"Come with me to Africa..." That's how the chorus of our theme song for our Into the Wilds of Africa project begins.
And it really alludes to the idea behind Brain Compatible Learning (or Integrated Thematic Instruction). You can take
a person and fill their brain with facts and they *may* remember them for a time, OR you can get someone so excited about
a topic or idea that they want to learn more, and their knowledge grows and blossoms as they make new discoveries, and they
remember things forever. We aren't just studying Africa, we are wrapping ourselves in Africa.
Many of the families in our group have decorated their homes to go with the African theme - our themed decor is limited to
a border of straw-like material, about two and a half feet tall that I ran along one open side of our living room, along with
large wall maps, a rug, and then a couple africa-themed print pillowcases that one of the moms made for each of the kids.
Many fieldtrips are planned, and we even all have matching "I'm spending the year in Africa" tshirts. But the idea is
that you create a sense of excitement and wonder about this "voyage" that you are about to undertake. The parent (or
teacher) comes up with key points of discussion for each day, as well as a list of Inquiries for the child to choose from
to go further on their own (or with your guidance).
The theme was not chosen at random. A group of interested homeschooling parents got together and came up with a
list of topics and ideas that they knew their child/ren was interested in and excited about. This list included bats,
caves, gold, explorers, volcanoes, the yukon, dinosaurs, foreign languages... it was quite an expansive list. The
next step we took was to try and group together interests that could have a common theme - like, gold, pioneers, camping,
bears, native americans. In the end, we came up with an overall topic that could address the interests of each of our
children to some extent.
From there our theme is broken down into more managable components. We chose four: the land (geology, geography,
and some are studying early humans here), the animals (anything related to African wildlife), history (islam, trading routes
and practices, slavery, etc), and cultures (art, pottery, clothing, music, tribes). At the beginning of each component
we have a big "kick-off" party to get the kids (and the parents, to some extent) energized and excited for the 8-9 weeks ahead.
A day studying Africa will be different for each family because each is approaching the four components in their own
way. One thing that is the same is the use of Key Points/Discussion Points and Inquiries.
So for example, we may have a key point for the day that talks about weather and changing seasons. We'll get online to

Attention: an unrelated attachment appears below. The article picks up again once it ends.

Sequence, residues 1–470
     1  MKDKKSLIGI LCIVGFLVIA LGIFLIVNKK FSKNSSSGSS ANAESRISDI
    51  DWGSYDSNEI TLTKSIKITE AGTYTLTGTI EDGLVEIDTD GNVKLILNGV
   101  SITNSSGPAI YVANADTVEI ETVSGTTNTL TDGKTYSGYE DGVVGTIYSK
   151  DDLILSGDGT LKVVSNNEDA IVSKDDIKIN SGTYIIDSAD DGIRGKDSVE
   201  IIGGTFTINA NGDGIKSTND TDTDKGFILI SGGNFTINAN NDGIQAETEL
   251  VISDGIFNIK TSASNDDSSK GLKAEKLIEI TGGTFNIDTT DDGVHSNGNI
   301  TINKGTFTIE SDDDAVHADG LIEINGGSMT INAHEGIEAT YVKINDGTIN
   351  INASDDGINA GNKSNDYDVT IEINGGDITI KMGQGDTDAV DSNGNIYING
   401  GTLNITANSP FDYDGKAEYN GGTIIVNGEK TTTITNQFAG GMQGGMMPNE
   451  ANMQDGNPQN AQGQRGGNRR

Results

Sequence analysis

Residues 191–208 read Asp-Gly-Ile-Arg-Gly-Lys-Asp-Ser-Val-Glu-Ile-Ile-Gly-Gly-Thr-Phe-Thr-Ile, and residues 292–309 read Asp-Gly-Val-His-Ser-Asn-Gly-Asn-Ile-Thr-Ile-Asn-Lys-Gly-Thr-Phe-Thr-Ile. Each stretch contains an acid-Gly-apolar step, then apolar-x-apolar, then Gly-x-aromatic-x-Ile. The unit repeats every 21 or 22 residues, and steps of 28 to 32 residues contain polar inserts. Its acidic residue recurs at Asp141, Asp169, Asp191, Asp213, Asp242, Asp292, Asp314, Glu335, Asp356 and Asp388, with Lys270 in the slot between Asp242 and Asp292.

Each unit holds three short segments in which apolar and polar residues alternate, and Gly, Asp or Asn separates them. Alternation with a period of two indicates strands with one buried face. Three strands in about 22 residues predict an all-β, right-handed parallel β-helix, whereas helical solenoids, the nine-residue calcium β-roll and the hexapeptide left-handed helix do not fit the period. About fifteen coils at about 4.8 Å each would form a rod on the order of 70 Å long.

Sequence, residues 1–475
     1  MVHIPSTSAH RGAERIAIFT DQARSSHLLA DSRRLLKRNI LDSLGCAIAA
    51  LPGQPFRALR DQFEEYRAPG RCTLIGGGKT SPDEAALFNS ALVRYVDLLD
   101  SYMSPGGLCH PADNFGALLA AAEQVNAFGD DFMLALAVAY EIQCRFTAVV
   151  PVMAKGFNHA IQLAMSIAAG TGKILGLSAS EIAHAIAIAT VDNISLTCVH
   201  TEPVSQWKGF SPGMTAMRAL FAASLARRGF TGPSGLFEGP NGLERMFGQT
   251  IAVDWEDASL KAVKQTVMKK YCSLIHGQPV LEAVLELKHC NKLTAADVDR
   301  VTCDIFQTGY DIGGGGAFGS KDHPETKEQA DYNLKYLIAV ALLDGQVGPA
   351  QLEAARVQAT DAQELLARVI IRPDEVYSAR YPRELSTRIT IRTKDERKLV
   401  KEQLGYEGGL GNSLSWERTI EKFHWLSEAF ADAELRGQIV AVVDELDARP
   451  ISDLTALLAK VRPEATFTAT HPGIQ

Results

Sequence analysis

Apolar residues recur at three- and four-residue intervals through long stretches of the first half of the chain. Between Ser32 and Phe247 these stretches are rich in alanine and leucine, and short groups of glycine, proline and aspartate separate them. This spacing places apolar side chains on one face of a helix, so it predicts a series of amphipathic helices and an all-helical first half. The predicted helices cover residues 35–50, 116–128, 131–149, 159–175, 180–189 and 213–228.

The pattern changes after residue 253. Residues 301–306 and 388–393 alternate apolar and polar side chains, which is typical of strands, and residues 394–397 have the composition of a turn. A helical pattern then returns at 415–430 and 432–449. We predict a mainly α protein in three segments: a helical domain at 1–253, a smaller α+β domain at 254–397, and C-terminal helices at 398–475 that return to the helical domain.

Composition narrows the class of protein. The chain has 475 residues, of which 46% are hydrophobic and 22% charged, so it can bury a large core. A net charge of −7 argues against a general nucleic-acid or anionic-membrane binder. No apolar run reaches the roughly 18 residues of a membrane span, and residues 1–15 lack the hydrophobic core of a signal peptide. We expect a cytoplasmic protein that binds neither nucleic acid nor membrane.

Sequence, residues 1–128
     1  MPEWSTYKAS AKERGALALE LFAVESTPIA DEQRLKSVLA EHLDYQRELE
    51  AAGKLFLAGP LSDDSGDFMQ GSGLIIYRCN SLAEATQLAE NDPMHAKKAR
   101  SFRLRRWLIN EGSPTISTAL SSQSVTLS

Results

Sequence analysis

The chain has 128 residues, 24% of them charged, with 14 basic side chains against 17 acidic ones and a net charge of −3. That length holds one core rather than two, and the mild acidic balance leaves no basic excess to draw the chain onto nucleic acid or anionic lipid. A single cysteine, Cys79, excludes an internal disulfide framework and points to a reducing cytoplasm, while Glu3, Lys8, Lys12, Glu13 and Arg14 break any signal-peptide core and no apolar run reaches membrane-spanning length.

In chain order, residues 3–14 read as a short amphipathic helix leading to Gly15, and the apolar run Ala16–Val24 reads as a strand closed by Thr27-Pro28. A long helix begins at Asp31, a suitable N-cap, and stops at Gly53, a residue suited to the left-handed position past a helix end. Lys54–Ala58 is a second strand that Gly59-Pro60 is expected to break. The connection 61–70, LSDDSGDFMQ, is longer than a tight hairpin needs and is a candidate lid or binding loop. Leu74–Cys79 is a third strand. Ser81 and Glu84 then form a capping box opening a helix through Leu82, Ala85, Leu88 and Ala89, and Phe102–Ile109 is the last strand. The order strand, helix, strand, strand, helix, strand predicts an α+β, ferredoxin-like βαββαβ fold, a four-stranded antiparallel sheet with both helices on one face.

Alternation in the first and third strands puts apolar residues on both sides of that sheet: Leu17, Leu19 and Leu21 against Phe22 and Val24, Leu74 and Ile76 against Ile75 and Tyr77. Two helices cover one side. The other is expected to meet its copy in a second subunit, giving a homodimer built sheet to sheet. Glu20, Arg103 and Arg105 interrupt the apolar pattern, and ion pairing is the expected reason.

watch a NASA kids video on about the equinox and the position of the earth as it travels around the sun. Already having discussed
the location of these cities, Natalie's inquiries include:
1. If you went to Casablanca today, what would you want to wear? If you went to Cape Town, what would you need to wear?
Cut out the paper doll. On one side, draw and color in the outfit you'll wear to Casablanca, and on the other side, draw and
color what you'll wear in Cape Town.
2. Go to your room and get changed into clothes you could wear if you were in Casablanca today. Tell me why you chose that
outfit. Run back and get changed into something you would wear in Cape Town today. Tell me why you chose that to wear. Which
clothing (of the two choices) would you be most comfortable in here at home today, given our current weather?
3. What is your favorite season? Can you make up a song or a poem about your favorite season? Maybe there's something special
you like to do during that time of the year, or maybe there's something you enjoy seeing, hearing, or smelling at that time
of year? Tell the song or poem to Mom so she can write it down for you.
4. Can you act out the path of the earth orbiting around the sun throughout the year? Use balls, globe, light/flashlight,
people in our family, or anything else you want to use. See if you can figure out where it is hottest and where it is coldest
as the earth makes its orbit.
The materials for these inquiries would be prepared ahead of time, and she would choose just one to do for that day.
A daunting task for a homeschooling mom to prepare exciting inquiries that her child may decide not to do. The beauty
of it is in the prep work - working with other parents to plan out a year's worth of key points and inquiries before the year
begins. Weeks of intense planning go into it, but the payoff is a year of knowing that you have everything you need
once it begins.